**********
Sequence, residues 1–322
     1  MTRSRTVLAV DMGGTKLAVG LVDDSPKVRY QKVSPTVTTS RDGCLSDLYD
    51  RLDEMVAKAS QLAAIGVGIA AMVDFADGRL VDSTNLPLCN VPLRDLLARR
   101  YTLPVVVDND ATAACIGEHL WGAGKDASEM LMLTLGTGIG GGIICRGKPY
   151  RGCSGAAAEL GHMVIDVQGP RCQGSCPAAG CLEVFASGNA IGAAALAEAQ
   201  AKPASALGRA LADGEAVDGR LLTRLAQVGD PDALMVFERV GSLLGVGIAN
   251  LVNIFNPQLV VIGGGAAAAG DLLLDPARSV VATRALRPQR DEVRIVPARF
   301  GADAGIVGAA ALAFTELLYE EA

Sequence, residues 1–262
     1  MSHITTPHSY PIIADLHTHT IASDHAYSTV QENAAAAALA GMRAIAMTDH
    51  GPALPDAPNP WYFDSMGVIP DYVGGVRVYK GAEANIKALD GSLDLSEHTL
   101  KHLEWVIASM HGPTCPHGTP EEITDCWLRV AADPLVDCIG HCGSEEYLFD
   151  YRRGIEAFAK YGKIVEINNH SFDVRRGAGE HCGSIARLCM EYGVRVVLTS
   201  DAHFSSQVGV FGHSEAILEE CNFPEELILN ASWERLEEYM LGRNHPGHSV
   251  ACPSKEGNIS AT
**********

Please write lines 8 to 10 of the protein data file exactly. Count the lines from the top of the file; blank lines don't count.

   301  GADAGIVGAA ALAFTELLYE EA

Sequence, residues 1–262
     1  MSHITTPHSY PIIADLHTHT IASDHAYSTV QENAAAAALA GMRAIAMTDH